At What Temperature Will a Boat Engine Freeze?

Deep in the heart of winter, when the ice and snow settles in and you're in the middle of a deep cold snap, worrying about your boat is natural. Did you use enough anti-freeze? Or worse, how about that early freeze before you get your winterizing done?

At what temperature will a boat engine freeze? Unwinterized boat engines can freeze any time the air temperature is below 28°F (-2°C) - for an extended period. Freshwater cooled engines without proper coolant can freeze below 32°F (0°C).

The good news is you can prevent freeze damage fairly easily. With proper coolant and antifreeze, you can eliminate the risk of freezing except in sub-arctic conditions.

Key takeaway:

If you haven't gotten to winterize everything yet and you see a temperature dropping to 30°F or 25°F overnight, you probably won't see immediate freezing on your boat. But a long cold period - a day or two with daytime temperatures below freezing and deeper at night - could harm your unprotected engine.

This is not a guarantee, however, and you can not count on it.

In this article:

  1. It's Not Your Engine Which Freezes
  2. Winterizing with Antifreeze
  3. Protecting Freshwater Cooling with Coolant
  4. How Bad is the Freeze?

It's Not Your Engine Which Freezes

It’s important to clarify that your engine doesn't actually freeze. A lump of cast iron or aluminum left in the deep, deep cold will not be harmed. Not unless it's subject to sudden, violent changes in temperature or physical damage.

It's the water inside your engine which freezes, and that can damage improperly winterized and un-winterized engines.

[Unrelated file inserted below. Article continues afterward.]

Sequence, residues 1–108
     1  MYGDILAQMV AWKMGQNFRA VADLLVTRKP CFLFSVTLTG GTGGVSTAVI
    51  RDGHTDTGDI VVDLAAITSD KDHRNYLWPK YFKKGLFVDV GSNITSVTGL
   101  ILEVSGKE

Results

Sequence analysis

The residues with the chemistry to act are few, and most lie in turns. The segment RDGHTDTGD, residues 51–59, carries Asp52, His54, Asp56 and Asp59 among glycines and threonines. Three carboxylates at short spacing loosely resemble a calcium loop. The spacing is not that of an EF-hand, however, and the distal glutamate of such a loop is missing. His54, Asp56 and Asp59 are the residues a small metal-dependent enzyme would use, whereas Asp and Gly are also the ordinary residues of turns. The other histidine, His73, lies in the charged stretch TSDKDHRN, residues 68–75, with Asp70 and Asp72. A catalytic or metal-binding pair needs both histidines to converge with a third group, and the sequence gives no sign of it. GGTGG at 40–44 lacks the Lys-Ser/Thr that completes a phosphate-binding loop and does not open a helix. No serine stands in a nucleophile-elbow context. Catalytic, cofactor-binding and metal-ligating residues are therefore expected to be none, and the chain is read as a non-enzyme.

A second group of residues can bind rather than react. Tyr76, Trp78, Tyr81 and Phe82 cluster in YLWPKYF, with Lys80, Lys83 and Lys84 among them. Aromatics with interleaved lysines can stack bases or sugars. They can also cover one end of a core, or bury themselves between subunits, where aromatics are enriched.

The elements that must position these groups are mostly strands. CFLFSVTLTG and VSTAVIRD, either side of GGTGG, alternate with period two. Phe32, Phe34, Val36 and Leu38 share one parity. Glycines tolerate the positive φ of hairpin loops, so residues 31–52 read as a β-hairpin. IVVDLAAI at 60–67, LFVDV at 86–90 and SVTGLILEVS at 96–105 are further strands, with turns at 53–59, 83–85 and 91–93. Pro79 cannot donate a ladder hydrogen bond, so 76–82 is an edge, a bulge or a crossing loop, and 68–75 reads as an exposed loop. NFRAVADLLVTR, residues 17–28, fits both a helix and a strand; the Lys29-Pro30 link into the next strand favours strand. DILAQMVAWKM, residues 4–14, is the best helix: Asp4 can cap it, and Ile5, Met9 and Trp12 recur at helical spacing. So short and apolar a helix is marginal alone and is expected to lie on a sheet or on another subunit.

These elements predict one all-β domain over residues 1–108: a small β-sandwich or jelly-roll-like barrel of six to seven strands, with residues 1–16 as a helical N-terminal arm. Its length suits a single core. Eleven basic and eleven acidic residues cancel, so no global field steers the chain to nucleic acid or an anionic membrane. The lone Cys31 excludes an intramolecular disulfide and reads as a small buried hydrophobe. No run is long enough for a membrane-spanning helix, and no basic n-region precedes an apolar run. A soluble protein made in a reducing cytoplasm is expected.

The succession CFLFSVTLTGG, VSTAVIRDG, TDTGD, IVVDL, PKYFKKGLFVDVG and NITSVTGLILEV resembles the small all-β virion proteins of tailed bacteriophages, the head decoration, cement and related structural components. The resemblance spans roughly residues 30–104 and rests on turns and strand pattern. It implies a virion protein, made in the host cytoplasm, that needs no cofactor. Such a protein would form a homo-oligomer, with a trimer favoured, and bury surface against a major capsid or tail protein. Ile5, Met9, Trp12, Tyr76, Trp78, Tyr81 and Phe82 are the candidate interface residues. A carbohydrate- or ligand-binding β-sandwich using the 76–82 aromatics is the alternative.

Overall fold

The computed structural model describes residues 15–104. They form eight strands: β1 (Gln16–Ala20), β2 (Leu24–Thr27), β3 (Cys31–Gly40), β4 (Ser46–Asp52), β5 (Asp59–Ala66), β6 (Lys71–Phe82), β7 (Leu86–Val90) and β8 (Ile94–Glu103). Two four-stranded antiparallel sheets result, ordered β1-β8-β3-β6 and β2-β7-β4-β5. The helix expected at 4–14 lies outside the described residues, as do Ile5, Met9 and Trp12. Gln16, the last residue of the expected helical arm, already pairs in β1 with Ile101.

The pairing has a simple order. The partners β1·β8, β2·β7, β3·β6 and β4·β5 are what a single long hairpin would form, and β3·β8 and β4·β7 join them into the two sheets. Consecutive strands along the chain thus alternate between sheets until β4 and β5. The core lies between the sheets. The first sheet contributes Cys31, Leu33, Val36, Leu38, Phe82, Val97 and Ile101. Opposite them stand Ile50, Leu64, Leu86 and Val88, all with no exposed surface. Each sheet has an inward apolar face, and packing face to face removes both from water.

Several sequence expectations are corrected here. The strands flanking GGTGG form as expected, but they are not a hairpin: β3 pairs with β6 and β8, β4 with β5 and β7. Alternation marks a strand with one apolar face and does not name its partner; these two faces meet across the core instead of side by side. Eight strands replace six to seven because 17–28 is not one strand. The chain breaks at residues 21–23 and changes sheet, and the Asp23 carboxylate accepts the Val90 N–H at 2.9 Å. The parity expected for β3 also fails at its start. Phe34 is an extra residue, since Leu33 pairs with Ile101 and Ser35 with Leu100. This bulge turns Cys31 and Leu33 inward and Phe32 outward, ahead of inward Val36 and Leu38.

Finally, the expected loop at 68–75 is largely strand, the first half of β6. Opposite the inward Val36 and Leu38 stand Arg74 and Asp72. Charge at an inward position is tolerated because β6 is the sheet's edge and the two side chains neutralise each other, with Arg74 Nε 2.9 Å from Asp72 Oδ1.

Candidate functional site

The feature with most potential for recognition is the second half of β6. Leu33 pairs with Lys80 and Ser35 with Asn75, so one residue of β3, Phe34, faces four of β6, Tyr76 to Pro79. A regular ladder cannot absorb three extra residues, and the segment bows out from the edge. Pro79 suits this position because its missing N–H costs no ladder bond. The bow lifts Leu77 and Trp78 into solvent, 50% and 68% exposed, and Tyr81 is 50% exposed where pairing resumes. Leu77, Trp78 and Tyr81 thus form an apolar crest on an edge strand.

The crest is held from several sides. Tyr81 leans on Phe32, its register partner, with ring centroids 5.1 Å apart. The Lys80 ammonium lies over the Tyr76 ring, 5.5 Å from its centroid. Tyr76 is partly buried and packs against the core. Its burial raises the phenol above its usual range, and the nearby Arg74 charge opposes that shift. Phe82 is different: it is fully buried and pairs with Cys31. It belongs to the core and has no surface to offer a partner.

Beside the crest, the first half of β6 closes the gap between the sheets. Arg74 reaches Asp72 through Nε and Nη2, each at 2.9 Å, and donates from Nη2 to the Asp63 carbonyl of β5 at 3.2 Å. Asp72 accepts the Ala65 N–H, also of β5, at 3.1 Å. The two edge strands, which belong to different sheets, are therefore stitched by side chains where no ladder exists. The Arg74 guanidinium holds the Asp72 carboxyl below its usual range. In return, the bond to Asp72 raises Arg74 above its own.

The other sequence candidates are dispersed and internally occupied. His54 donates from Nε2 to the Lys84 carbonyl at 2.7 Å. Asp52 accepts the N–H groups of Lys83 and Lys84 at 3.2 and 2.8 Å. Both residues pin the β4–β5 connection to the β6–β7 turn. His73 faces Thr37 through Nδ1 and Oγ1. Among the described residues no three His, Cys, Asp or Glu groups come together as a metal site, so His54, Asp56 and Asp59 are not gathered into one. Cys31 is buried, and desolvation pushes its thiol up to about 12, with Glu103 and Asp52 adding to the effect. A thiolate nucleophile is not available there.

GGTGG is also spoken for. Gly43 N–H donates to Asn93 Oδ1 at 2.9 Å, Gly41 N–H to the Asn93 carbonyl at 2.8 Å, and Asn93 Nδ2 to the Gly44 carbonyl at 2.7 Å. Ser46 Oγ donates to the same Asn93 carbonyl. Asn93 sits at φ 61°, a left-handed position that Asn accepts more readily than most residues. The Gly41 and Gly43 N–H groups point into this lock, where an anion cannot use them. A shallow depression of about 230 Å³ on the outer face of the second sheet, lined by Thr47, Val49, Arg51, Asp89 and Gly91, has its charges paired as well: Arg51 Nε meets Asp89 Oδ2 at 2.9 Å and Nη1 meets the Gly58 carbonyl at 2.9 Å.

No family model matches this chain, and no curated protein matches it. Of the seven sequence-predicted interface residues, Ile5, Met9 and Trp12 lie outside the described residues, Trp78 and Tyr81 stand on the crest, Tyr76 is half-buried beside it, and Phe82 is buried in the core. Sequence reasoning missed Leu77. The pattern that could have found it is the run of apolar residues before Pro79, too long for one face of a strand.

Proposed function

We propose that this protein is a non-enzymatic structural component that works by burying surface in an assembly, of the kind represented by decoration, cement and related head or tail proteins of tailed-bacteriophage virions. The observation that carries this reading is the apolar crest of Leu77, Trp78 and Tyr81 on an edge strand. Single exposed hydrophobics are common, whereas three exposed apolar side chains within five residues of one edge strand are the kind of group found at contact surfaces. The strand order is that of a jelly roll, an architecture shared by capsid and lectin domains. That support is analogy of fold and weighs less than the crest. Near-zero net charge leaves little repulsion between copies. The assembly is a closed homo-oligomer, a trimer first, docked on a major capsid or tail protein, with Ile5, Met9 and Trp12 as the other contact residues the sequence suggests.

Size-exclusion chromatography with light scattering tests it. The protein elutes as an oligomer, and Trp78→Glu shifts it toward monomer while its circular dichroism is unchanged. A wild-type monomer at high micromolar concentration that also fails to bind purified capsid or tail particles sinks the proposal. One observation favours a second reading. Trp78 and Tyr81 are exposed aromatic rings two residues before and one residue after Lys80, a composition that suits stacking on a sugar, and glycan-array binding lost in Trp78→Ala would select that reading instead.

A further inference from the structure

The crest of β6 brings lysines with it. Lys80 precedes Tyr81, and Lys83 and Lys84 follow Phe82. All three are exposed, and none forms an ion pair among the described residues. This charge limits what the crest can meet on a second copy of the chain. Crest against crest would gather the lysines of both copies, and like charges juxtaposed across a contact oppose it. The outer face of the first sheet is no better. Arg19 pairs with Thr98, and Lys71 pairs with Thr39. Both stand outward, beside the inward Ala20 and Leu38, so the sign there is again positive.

Water expands when it freezes, and the force it can exert in expansion is strong enough to split rubber hoses, crack iron, and rupture aluminum. When water freezes, it expands about 9% in volume and converts to a non-compressible solid, which applies massive force to anything constraining it.

Your engine is anything but a solid block of metal. It has hollow pockets in the engine block called jackets where fresh cooling water and coolant flushes to take away heat. Saltwater comes into heat exchangers, oil coolers, and other raw water-cooled components. These components are connected with hoses and channels to move the fresh and water cooler around.

Water left in these spaces is what freezes. The freezing water expands, which can crack everything from intake hoses to engine blocks.

To keep an engine from freezing, we remove all the freezable water or blend/replace it with something which lowers the freezing point well below normal outdoor temperatures.

Winterizing with Antifreeze

In theory, you could winterize your engine by blowing all the water from the various engine block jackets, coolers, and hoses. Freezing air doesn't expand, so there would be nothing to damage the engine.

But in practice getting all the water out is tricky and unreliable, and it's better to flush existing systems out with antifreeze to ensure it fills all water jackets and tubes with something which won't freeze in normal conditions.

Freezing, Slushing and Bursting

We rate antifreeze with a temperature, for example -50°F or -100°F. This number is the temperature at which a sealed copper pipe filled with that antifreeze will burst. This does not mean the antifreeze flashes from liquid to solid at that temperature.

Propylene Glycol based antifreeze will form an icy slush well before it freezes solid. The slush doesn't expand and cause damage to boat systems. But a -50°F antifreeze may start "freezing" at 12°F to 18°F (-11°C to -7°C) and forming slush, and a -100° may start to slush at -58° to -63°F (-50°C to -52°C).

What antifreeze to use?